Gov. Paul LePage is known to send handwritten notes to his allies and his opponents. The missives sometimes surface in the mailboxes of state lawmakers.

Some of the notes are friendly. Some are not. 

Oamshri Amarasingham, the public policy counsel for the American Civil Liberties Union of Maine, recently received one of the latter notes. The governor was not happy that Amarasingham had criticized the governor’s proposal to have a governmental agency fact-check campaign statements.

The proposal, L.D. 1834, was quickly dispatched by the Legislature amid concerns that the proposal would violate the First Amendment protection of free speech. Additionally, there was some uneasiness among lawmakers about making the Maine Commission on Governmental Ethics and Elect Practices the arbiter of truth.

Amarasingham spearheaded that argument, saying during a public hearing held in March that the state ethics commission did not need to add ‘truth police’ to its list of responsibilities.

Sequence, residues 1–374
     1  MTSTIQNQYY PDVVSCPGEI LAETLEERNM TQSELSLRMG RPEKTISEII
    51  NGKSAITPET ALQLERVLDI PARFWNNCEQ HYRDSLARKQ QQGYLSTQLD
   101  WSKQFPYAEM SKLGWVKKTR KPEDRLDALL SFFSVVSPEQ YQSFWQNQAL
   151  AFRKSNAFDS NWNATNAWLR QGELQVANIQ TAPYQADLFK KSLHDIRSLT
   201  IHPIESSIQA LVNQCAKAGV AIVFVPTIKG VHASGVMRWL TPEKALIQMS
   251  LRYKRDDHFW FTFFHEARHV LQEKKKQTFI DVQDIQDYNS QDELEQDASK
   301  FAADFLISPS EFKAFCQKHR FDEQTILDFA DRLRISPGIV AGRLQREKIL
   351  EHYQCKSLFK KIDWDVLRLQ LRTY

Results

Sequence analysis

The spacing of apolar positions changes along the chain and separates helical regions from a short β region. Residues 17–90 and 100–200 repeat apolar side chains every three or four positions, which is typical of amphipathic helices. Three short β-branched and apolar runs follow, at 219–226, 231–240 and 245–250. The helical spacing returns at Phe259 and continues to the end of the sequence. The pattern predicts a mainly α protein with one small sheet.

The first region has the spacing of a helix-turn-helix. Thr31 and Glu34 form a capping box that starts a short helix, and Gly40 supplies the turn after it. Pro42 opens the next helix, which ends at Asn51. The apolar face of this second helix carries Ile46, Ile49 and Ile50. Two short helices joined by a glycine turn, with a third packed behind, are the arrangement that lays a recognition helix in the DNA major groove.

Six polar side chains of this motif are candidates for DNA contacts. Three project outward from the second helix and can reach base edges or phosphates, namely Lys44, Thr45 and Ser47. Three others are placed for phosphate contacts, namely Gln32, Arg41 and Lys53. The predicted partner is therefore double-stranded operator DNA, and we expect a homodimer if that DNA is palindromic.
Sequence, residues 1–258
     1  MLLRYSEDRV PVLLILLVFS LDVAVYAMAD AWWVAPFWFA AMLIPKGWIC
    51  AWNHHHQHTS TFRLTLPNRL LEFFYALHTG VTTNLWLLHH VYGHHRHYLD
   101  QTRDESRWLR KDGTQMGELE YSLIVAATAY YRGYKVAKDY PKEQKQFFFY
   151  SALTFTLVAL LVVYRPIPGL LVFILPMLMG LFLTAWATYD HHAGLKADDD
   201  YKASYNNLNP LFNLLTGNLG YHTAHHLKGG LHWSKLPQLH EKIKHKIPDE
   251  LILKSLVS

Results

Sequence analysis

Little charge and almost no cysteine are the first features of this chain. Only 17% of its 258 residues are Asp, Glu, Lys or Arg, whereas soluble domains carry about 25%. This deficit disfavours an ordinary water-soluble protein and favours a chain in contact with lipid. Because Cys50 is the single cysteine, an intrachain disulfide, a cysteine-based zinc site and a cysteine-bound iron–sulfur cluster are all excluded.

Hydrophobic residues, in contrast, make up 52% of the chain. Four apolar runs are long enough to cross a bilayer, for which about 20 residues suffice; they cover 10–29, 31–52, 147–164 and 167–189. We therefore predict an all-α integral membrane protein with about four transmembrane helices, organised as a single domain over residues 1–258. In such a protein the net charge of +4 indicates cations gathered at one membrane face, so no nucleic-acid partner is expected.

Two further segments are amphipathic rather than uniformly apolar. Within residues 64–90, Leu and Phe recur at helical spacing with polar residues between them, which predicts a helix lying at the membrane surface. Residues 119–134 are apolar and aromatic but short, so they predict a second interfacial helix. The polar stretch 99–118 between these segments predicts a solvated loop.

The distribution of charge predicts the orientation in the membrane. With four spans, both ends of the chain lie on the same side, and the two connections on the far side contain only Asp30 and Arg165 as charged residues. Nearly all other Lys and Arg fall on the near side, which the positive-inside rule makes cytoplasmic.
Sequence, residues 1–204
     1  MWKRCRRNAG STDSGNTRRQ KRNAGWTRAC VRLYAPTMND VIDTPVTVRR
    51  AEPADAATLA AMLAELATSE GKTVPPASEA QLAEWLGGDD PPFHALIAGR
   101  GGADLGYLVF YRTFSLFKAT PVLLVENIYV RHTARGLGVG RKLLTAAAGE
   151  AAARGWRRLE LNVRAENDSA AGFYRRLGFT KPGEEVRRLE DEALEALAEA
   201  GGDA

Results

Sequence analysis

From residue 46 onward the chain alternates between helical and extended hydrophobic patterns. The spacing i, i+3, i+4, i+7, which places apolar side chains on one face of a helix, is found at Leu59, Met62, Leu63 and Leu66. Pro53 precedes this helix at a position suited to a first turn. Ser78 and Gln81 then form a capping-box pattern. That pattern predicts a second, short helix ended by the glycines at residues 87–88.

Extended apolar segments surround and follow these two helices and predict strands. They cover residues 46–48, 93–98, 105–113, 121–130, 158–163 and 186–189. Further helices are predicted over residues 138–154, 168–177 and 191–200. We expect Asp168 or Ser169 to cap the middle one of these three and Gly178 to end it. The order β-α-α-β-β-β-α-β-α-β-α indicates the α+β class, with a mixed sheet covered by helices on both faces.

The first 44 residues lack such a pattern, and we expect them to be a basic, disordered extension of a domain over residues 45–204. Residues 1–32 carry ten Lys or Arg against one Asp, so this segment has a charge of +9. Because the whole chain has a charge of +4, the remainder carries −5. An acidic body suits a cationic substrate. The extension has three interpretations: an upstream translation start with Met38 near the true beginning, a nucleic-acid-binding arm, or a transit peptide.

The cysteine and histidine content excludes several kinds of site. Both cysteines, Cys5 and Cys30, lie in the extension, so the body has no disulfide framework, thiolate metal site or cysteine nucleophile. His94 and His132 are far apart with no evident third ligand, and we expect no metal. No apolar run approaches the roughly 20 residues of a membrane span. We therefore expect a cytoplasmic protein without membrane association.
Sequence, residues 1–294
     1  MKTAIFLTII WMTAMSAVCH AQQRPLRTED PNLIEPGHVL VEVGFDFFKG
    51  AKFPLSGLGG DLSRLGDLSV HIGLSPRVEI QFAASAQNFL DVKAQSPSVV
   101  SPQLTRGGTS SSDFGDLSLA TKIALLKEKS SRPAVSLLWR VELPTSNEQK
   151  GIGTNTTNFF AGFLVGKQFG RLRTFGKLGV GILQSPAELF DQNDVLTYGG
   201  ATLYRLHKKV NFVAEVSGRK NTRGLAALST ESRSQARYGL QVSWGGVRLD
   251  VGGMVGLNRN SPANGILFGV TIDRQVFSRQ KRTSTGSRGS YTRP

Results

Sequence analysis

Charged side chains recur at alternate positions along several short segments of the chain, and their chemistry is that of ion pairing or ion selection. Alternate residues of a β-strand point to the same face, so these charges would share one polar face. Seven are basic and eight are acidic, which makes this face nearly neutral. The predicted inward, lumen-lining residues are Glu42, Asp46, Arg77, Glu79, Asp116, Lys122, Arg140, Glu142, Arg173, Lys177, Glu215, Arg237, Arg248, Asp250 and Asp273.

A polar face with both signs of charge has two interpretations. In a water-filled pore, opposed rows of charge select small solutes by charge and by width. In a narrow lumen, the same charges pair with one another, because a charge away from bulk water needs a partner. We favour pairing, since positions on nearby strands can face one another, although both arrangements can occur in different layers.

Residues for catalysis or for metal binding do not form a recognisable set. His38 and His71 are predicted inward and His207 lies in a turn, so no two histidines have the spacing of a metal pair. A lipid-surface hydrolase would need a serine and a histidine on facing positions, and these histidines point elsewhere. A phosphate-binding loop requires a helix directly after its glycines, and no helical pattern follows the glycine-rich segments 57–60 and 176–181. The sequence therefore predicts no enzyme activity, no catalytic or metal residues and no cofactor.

LePage was displeased with the opposition. 

"Since when in the USA (is it) that the truth is unconstitutional," he wrote. "Interesting, that lying to citizens is the position of of the ACLU. It is a real shame that you and your organization do not promote the truth. What example are we providing our children with?"

The governor began his letter saying that his proposal was based on another state law that has withstood the constitutional test. It’s not clear which law he’s referring to, but Ohio has a law that allows a state board to reprimand candidates for making false campaign speech statements. The governor is correct that the law has withstood early court challenges, however, the fight is not yet over, according to Ohio chapter of the ACLU (UPDATE: The Los Angeles Times reported Monday that the Ohio law is facing a Supreme Court challenge.). 

Another little detail from the governor’s note: It was written on stationary from LePage’s re-election committee, not state letterhead. One might wonder if the ACLU could have asked the Ethics Commission to rule on the veracity of his claim that "lying to citizens" is a position backed by the organization if the governor’s bill had become law. Probably not. The governor’s proposal would only have allowed candidates to file truth complaints with the Ethics Commission. 

Gov. Paul LePage unhappy with ACLU